I have surprised myself in that I have managed to read yet another novel! What is this new life of mine? I’m liking how being liberated from being a student feels. Unemployed for the while, I am listening to podcasts, reading, watching TV and attempting to clean the house. Reading is still super-slow as I had a whole lot of administrative things to do around the thesis as well as finally sinking my teeth into some research that I have had on hold for a while (now to get some funding!). Meanwhile, it’s SuperWendy’s TBR challenge once again and this month’s theme is a new-to-me author and as is my usual way – there are some vague spoilers.
Book: Get a Life, Chloe Brown by Talia Hibbert
Blurb: Chloe Brown is a chronically ill computer geek with a goal, a plan, and a list. After almost—but not quite—dying, she’s come up with seven directives to help her “Get a Life”, and she’s already completed the first: finally moving out of her glamorous family’s mansion. The next items?
• Enjoy a drunken night out.
• Ride a motorcycle.
• Go camping.
• Have meaningless but thoroughly enjoyable sex.
• Travel the world with nothing but hand luggage.
• And… do something bad.
But it’s not easy being bad, even when you’ve written step-by-step guidelines on how to do it correctly. What Chloe needs is a teacher, and she knows just the man for the job.
Redford ‘Red’ Morgan is a handyman with tattoos, a motorcycle, and more sex appeal than ten-thousand Hollywood heartthrobs. He’s also an artist who paints at night and hides his work in the light of day, which Chloe knows because she spies on him occasionally. Just the teeniest, tiniest bit.
But when she enlists Red in her mission to rebel, she learns things about him that no spy session could teach her. Like why he clearly resents Chloe’s wealthy background. And why he never shows his art to anyone. And what really lies beneath his rough exterior…
How did I find this book: There had been a lot of Twitter chat around this book from people with similar book tastes to me. I had to put in a purchase request for the book (back in 2019!!!!) which didn’t come through until 2020 (to this day I cannot work out why the 2 libraries I borrow from don’t automatically reserve your purchase requests when they come in) by which time there was a long reservation list. I ended up borrowing this book from a NSW public library 18 months after I requested it (sooooo not impressed).
Meet Cute: Chloe Brown is a chronically ill computer geek who moves out of home into a flat after a near death experience. Redford ‘Red’ Morgan is her building’s superintendent who had a previous life as an artist in London. This first meeting isn’t seen at the beginning of their story, which has the first on-the-page meeting as one of snarly grumpiness at each other having decided that they didn’t like each other from their earlier (off-the-page) interactions.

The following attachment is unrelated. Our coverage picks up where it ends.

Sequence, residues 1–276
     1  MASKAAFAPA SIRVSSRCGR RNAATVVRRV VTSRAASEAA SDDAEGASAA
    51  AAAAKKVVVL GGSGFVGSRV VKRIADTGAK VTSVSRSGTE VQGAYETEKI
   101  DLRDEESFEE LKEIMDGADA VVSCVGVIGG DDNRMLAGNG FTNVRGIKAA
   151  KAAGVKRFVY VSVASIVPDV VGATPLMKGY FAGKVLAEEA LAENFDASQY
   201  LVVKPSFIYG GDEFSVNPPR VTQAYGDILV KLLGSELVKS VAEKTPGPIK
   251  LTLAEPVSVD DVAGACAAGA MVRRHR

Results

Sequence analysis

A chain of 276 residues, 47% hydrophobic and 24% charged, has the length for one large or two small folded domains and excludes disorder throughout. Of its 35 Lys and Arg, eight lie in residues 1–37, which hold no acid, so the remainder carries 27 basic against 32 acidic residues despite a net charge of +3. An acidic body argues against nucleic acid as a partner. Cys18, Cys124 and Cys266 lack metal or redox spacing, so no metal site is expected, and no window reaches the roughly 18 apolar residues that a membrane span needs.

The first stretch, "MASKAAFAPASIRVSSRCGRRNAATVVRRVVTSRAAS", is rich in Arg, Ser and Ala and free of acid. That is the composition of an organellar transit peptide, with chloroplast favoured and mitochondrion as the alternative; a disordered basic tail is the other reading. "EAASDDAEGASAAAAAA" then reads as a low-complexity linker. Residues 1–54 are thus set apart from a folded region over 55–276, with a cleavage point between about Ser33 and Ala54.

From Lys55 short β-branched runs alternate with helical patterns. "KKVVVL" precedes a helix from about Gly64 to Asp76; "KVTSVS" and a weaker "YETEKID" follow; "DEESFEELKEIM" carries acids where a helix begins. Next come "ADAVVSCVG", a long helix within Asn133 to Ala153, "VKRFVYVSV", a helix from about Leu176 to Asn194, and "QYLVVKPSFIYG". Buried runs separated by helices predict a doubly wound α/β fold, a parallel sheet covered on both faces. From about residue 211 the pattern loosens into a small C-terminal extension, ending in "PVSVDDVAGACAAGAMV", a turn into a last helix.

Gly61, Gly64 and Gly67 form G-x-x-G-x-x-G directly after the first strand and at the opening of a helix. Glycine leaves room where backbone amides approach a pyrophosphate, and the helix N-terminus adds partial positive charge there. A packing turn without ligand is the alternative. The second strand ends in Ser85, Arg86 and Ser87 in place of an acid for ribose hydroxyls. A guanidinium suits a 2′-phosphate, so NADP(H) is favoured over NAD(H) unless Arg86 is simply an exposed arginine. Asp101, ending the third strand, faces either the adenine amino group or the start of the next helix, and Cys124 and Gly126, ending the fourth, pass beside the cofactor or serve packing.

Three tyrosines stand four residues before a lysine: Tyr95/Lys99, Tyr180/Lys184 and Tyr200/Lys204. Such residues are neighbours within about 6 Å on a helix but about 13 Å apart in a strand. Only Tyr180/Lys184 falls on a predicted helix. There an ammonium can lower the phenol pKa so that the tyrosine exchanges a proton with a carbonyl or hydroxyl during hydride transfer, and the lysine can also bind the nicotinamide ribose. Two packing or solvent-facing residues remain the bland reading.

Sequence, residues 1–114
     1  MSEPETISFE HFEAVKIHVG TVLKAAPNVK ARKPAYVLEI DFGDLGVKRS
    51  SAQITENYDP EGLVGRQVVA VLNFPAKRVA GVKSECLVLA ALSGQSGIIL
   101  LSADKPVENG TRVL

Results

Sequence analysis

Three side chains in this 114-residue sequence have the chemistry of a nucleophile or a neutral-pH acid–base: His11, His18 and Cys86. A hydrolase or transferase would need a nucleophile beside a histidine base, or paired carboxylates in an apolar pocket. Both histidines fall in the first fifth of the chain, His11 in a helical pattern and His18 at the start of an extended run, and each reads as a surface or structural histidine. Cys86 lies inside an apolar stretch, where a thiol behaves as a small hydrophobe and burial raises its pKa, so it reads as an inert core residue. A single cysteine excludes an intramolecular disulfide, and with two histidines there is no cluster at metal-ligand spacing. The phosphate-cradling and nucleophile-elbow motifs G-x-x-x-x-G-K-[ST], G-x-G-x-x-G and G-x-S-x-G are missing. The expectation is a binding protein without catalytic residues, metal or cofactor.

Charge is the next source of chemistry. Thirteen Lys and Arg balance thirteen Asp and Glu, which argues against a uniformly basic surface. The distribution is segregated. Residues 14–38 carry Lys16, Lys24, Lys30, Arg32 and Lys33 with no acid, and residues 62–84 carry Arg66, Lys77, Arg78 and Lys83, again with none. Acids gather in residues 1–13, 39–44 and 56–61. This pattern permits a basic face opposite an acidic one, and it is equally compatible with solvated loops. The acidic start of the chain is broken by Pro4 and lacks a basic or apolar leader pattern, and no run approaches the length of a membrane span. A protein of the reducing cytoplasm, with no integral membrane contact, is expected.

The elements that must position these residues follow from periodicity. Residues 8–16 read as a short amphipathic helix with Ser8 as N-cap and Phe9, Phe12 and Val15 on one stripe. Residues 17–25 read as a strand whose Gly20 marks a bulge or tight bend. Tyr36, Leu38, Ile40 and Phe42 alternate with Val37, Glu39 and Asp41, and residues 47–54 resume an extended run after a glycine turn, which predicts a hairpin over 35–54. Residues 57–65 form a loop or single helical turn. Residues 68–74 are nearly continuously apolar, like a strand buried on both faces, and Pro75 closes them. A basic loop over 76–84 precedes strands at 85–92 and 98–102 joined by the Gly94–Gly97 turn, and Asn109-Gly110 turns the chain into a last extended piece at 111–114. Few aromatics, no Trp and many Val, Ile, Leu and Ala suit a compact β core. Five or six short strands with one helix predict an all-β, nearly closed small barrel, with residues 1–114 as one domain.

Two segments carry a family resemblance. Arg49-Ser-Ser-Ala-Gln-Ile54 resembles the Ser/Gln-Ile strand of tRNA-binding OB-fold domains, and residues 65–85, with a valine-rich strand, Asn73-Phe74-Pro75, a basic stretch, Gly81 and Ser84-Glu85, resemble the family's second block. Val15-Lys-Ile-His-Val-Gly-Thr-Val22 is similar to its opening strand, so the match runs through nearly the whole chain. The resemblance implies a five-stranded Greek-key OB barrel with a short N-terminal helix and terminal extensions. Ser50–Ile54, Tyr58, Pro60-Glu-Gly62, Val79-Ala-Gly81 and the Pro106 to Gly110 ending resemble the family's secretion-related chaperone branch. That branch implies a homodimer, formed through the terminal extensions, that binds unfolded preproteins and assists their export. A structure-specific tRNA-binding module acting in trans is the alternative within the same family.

Red has issues around being used by rich women as his previous partner had been far from the loveliest person. As Chloe is from a rich family, this creates issues between them, especially as she keeps her own life private from her family, and in doing so, causes problems in how Red feels about her and himself. I liked both characters in this book. After getting over their initial dislike of each other, they seemed very well suited with most of their problems and tensions coming from their internalised view of themselves and slowly revealing their problems from the past to each other. Misunderstandings occur but they are all overcome with some sensible transparency. And a prop cat who really didn’t forward the story beyond introducing a weirdly flat secondary character.
Will they last: Definitely. These two are too needy to break up. Plus they are quite forthcoming in talking about their feelings. Not saying that is all it takes to hold a relationship together but these two just seem good for the long term.
Feelings: Overall, the dialogue was sharp, the premise was fun, however the book was a bit long and drawn out. There are a few things that surprised me. Firstly, this is an English romance, set in the UK. Which I really didn’t expect but it made me happy and I was fully on board with it because I really like the UK and this book was soooo far away from the usual chicklit shag in a small country village – which I also don’t mind but this was way more different. (I was going to write more relatable but then I thought about my lovely English cousins in-law who mostly live in English villages and seaside towns so I couldn’t really claim that). The book really spoke to my city-loving heart. A teeny-tiny annoyance though was that “storey” as in the apartment floor that Chloe lived on was misspelled as “story” and that is clearly USian spelling, which is totally fine if the book was USian or set in the US but damn it, it was set in the UK and I really really really have a thing for the loveliness of the word “storey”.
This book could have easily been 60 pages shorter. There were whole sections that just felt like filler text. I really think that had this novel at least aimed for the perfect length of a category romance, the tension would have been stronger and instantly palpable. A short, sharp lens on the relationship rather than the meandering loveliness of Chloe and Red’s story which just seemed to peter out. It was an OK read. I got a bit bored but it had enough fun parts that I still finished it. And really, maybe the fault wasn’t in the actual novel. The fault may have been that I got distracted halfway through the book when I received my thesis results……….